• Join over 1.2 million students every month
  • Accelerate your learning by 29%
  • Unlimited access from just £6.99 per month

'In political terms, King Henry V and The Rover are conservative plays which ensure that subversive elements are ultimately contained'. Discuss this statement.

Extracts from this document...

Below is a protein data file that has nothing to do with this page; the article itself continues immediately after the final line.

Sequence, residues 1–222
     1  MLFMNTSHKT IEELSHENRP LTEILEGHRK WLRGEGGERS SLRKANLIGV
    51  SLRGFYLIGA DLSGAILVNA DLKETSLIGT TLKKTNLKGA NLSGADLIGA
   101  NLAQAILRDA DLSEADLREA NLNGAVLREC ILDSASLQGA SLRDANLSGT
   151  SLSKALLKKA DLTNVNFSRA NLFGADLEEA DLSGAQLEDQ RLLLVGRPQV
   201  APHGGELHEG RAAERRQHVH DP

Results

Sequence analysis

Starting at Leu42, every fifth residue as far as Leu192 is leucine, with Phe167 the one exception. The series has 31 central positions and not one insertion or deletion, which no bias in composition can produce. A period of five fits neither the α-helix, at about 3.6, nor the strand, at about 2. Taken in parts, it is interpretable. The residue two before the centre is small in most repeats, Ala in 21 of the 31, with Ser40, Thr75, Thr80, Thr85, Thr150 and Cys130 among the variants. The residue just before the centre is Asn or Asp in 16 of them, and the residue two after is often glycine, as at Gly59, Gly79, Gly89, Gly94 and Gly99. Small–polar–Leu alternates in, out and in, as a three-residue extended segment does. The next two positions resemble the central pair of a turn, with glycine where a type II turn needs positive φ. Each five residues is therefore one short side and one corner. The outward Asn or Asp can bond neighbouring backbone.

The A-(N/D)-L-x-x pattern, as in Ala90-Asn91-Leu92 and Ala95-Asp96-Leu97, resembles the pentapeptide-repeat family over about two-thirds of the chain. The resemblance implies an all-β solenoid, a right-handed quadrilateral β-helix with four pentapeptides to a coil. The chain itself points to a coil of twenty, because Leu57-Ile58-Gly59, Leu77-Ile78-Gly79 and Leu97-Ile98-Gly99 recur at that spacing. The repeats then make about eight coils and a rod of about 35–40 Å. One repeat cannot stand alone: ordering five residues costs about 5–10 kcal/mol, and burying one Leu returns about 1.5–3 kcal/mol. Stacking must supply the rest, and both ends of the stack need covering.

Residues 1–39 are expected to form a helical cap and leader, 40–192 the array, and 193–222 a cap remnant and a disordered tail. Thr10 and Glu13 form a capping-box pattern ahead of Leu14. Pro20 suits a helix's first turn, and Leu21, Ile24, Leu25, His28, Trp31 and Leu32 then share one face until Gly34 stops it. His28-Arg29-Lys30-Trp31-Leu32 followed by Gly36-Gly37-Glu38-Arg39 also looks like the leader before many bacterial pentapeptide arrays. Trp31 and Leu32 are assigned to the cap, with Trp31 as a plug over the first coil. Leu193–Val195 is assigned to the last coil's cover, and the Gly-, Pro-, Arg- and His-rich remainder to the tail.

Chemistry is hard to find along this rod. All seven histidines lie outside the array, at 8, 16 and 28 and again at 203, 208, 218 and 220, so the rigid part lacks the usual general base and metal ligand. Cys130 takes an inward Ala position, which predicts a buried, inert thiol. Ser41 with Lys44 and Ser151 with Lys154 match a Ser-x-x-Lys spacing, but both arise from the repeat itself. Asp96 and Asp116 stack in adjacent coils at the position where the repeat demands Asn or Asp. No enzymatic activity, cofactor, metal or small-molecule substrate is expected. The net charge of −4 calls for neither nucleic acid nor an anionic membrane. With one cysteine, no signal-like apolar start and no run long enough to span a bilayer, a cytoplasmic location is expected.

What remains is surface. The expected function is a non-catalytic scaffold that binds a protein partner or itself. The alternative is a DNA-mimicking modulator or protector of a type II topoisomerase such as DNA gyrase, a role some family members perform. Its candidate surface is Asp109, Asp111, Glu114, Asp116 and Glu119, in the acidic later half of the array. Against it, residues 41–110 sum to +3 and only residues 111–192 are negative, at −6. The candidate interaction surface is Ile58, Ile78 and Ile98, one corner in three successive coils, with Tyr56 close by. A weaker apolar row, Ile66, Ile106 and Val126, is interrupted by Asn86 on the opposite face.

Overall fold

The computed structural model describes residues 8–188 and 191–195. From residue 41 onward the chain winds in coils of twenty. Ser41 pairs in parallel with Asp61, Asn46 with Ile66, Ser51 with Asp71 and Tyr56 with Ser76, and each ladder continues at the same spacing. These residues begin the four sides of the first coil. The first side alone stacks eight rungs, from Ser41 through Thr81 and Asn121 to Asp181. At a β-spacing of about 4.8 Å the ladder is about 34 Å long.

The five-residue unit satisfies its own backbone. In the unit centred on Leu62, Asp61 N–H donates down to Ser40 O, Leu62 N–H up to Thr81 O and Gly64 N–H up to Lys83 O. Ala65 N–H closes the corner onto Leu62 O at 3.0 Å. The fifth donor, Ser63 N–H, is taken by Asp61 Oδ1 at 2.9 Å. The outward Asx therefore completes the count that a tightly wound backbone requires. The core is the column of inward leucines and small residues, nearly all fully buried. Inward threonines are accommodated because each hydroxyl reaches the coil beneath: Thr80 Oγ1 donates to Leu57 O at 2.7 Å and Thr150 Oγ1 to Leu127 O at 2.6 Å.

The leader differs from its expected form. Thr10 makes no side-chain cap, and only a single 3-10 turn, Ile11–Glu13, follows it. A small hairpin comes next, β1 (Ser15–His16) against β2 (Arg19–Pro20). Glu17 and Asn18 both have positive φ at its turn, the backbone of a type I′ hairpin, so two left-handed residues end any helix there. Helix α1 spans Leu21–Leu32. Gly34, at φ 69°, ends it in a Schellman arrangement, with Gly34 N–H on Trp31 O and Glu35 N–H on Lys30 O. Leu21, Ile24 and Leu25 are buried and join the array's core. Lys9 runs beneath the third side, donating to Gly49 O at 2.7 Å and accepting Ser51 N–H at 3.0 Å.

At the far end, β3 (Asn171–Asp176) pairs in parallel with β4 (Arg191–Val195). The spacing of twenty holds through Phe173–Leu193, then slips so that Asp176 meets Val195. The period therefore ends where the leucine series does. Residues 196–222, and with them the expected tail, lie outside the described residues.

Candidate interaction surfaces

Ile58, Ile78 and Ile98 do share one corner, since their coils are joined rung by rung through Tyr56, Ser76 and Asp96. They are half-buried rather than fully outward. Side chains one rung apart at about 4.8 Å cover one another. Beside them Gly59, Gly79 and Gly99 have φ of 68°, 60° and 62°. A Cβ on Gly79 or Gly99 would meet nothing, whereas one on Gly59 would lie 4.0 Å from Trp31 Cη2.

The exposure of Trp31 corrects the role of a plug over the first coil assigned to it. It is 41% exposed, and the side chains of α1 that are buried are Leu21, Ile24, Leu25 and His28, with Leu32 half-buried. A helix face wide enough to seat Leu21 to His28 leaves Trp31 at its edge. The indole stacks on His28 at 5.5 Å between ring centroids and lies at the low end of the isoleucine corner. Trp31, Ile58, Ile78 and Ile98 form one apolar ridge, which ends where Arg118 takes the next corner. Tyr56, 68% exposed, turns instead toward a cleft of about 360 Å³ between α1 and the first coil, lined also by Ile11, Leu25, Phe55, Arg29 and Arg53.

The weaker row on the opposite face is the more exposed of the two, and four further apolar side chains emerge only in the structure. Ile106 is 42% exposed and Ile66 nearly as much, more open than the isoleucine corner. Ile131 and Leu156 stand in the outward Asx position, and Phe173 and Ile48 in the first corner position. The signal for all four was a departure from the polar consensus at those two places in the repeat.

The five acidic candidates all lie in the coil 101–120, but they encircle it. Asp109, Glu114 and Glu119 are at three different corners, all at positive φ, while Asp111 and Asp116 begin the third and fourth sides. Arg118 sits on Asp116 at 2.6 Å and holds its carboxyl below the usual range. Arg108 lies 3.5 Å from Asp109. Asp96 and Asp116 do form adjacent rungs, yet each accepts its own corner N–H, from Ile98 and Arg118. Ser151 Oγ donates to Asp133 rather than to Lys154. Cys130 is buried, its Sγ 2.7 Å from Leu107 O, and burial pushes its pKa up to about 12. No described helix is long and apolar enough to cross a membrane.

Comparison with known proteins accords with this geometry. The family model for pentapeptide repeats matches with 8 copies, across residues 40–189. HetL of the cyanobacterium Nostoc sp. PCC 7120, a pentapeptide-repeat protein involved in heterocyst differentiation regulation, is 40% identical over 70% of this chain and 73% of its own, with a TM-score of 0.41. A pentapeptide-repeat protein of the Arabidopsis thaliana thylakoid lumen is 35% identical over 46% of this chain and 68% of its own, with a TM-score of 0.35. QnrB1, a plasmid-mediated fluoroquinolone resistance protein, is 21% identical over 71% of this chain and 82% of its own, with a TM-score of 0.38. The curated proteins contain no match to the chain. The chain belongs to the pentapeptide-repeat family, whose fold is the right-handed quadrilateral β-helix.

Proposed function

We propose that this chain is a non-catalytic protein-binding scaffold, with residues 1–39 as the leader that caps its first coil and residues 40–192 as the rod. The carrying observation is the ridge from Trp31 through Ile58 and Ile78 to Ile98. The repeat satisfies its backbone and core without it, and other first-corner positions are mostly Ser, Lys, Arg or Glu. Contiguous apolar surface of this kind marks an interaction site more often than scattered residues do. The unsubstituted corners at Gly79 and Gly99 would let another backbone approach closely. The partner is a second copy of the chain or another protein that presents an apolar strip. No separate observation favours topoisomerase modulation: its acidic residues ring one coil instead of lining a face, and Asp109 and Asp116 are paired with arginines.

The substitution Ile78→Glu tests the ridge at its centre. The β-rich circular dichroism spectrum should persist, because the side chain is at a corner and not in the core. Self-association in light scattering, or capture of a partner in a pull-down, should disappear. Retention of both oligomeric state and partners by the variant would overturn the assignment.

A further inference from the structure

'In political terms, King Henry V and The Rover are conservative plays which ensure that subversive elements are ultimately contained'. Discuss this statement. King Henry V and The Rover have a political content but the exploration of that content is specific to the playwright. King Henry V encourages the audience to share in the experience of the King's journey through the war with the French and the political problems that surround the king's position. However, The Rover is concerned with political issues surrounding gender relationships, concept of courtship and marriages and the opinions of women, contrasted directly with those of men. In context, the plays had to be slightly conservative, King Henry V was written in the later years of Elizabethan era, between 1595 - 1599. At this time there was constant political unrest and fear of rebellions from the large Catholic minority. Similarly, Aphra Behn, writing The Rover in 1667 had seen much political unrest through her life. Working in the Restoration theatre allowed much more freedom of speech but a playwright had to be careful not to offend Charles II, as Behn herself was imprisoned for this very reason. In Act 1 scene 2 we see the King's search for justification for the war with France. He reminds the Archbishop of Canterbury that he should not 'fashion, wrest or bow your reading' (King Henry V, page 130). The horrors of war are explicitly described and the justification of battle should be appropriate to prevent a 'waste in brief mortality.' ...read more.